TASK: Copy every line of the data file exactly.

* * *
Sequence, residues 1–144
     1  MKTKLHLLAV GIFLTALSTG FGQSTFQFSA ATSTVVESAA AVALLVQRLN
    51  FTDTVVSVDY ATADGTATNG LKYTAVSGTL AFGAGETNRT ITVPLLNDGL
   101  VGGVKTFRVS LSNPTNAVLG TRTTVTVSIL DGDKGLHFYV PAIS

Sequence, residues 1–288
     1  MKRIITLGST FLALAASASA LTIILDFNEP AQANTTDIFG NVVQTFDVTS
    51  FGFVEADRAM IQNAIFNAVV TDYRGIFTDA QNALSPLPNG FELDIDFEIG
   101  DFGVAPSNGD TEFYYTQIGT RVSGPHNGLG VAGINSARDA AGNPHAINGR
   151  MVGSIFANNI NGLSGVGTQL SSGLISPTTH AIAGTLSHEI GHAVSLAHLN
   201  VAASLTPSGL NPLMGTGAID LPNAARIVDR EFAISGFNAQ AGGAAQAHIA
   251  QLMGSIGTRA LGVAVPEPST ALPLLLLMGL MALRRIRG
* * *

Sequence, residues 1–144
     1  MKTKLHLLAV GIFLTALSTG FGQSTFQFSA ATSTVVESAA AVALLVQRLN
    51  FTDTVVSVDY ATADGTATNG LKYTAVSGTL AFGAGETNRT ITVPLLNDGL
   101  VGGVKTFRVS LSNPTNAVLG TRTTVTVSIL DGDKGLHFYV PAIS

Sequence, residues 1–288
     1  MKRIITLGST FLALAASASA LTIILDFNEP AQANTTDIFG NVVQTFDVTS
    51  FGFVEADRAM IQNAIFNAVV TDYRGIFTDA QNALSPLPNG FELDIDFEIG
   101  DFGVAPSNGD TEFYYTQIGT RVSGPHNGLG VAGINSARDA AGNPHAINGR
   151  MVGSIFANNI NGLSGVGTQL SSGLISPTTH AIAGTLSHEI GHAVSLAHLN
   201  VAASLTPSGL NPLMGTGAID LPNAARIVDR EFAISGFNAQ AGGAAQAHIA
   251  QLMGSIGTRA LGVAVPEPST ALPLLLLMGL MALRRIRG